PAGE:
Cowboy Bread

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#1
This is the cut down version of the recipe:

Cowboy Bread

3 cups flour
1 tsp. salt
1 1/8 tsp. baking soda
2 3/8 tsp. baking powder
2 3/8 tsp. cinnamon
7/8 tsp. nutmeg
3 cups brown sugar
1 1/3 cups shortening
4 large eggs
4 T. buttermilk

Mix all of the dry ingredients together. Set aside. Beat the brown sugar, shortening, and eggs together until fluffy. Mix in the dry ingredients alternately with the buttermilk, ending with the dry ingredients. Mix until just incorparated. Do not overmix. Pour into a 13x9x2 pan. Bake in a 350 degree oven for 25 to 30 minutes.
 

Dor

Active Member
#6
I am trying to get them organized and filed in Binders. I have been recyling sheet protectors I had bought for my job. I bought everything I had purchased home when I retired, so now I have lots of them to put my recipes in. The old recipes are the best. I wish my mother had kept more of my grandmothers recipes and I am getting as many of hers as I can. I asked her to give me her cookbooks and recipe cards when she no longer wants them. Since she is not living at home anymore I think she is going to do it. She likes it when I share her recipes.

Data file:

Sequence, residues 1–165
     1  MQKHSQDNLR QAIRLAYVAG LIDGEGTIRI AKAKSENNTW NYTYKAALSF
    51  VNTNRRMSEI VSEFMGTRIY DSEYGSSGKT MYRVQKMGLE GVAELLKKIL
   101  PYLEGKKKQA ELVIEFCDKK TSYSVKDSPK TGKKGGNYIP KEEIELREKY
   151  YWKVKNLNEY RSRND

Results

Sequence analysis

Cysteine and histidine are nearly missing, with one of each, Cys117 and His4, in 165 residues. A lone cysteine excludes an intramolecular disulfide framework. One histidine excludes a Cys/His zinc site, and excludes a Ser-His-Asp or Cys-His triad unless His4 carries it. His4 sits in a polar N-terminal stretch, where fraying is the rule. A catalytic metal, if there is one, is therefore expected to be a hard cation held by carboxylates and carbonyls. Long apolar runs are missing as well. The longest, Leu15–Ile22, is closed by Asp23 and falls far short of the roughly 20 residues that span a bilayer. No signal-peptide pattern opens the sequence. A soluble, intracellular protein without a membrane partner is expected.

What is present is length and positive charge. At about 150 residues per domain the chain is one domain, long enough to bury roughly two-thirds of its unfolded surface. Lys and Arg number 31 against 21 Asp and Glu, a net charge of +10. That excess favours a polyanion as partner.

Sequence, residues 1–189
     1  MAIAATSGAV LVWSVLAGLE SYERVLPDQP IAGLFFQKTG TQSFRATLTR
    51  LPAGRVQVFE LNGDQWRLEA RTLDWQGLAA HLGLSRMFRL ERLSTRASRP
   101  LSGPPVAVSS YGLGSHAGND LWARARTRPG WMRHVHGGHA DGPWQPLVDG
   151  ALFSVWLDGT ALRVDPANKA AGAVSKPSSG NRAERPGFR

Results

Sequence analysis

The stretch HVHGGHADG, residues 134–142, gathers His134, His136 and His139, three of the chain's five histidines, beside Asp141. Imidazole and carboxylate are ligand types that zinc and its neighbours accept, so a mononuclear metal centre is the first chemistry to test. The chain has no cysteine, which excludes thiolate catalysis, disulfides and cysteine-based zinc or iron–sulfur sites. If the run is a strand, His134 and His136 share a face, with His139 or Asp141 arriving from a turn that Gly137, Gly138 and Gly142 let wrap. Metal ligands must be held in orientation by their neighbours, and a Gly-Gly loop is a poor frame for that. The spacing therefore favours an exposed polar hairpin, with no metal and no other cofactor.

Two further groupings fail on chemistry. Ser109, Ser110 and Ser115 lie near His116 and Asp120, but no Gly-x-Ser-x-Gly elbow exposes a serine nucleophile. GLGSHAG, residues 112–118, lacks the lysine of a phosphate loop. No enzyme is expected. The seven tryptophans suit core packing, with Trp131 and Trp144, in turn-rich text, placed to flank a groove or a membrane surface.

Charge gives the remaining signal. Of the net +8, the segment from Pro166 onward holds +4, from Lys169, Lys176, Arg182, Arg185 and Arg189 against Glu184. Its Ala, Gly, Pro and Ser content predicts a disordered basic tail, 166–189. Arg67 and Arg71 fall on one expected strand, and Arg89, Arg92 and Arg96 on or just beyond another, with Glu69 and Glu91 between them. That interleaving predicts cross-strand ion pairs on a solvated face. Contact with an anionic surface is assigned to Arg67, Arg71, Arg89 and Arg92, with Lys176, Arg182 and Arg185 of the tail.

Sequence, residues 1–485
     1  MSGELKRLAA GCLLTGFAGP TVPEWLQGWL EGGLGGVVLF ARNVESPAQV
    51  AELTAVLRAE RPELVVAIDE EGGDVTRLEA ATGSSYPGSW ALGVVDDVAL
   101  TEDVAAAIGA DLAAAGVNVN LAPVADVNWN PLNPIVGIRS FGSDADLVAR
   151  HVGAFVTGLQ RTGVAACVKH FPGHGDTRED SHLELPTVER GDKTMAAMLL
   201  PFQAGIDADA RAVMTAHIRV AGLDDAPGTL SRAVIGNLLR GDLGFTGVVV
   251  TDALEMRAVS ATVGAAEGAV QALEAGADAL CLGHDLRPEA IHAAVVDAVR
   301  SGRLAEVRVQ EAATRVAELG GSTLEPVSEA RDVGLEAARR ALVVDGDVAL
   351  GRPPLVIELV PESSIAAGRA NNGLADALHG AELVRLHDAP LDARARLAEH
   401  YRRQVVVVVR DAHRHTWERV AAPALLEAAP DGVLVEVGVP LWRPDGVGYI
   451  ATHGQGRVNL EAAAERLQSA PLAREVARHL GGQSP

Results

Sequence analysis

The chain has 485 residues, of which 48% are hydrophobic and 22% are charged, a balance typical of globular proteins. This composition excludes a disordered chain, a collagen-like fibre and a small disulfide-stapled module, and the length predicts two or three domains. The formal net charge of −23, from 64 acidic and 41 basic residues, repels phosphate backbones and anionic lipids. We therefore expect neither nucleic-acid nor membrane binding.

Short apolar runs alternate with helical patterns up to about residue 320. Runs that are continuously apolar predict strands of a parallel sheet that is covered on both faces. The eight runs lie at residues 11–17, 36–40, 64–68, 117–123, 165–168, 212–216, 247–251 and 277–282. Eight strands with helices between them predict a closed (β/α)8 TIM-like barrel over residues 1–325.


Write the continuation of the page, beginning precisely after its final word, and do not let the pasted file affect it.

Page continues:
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Mainegal

Super Moderator
Staff member
#7
Sure does sound yummy. I wish I had more of my grammie and great grammies recipes. My great grammie used to make molasses and sugar cookies that were thick and yummy. i've tried numerous old fashioned sugar cookie recipes trying to find hers and haven't yet.
 

Randy

Super Moderator
Staff member
#8
I have thought often about what it was probably like back in the days when the cattle were driven from Texas to the rail heads in Kansas and Nebraska. The menu on the trail was pretty meager and monotonous, I am sure. My guess is that breakfast and supper were the same things; biscuits, beans, and salt pork. Soldier's fare in the 19th century did include parched corn too, but it was still a spartan existence. I think it would have been a lucky cowboy indeed to have that cowboy bread listed above. Course, maybe it was developed for the little cowboys like I was when about 8 years old.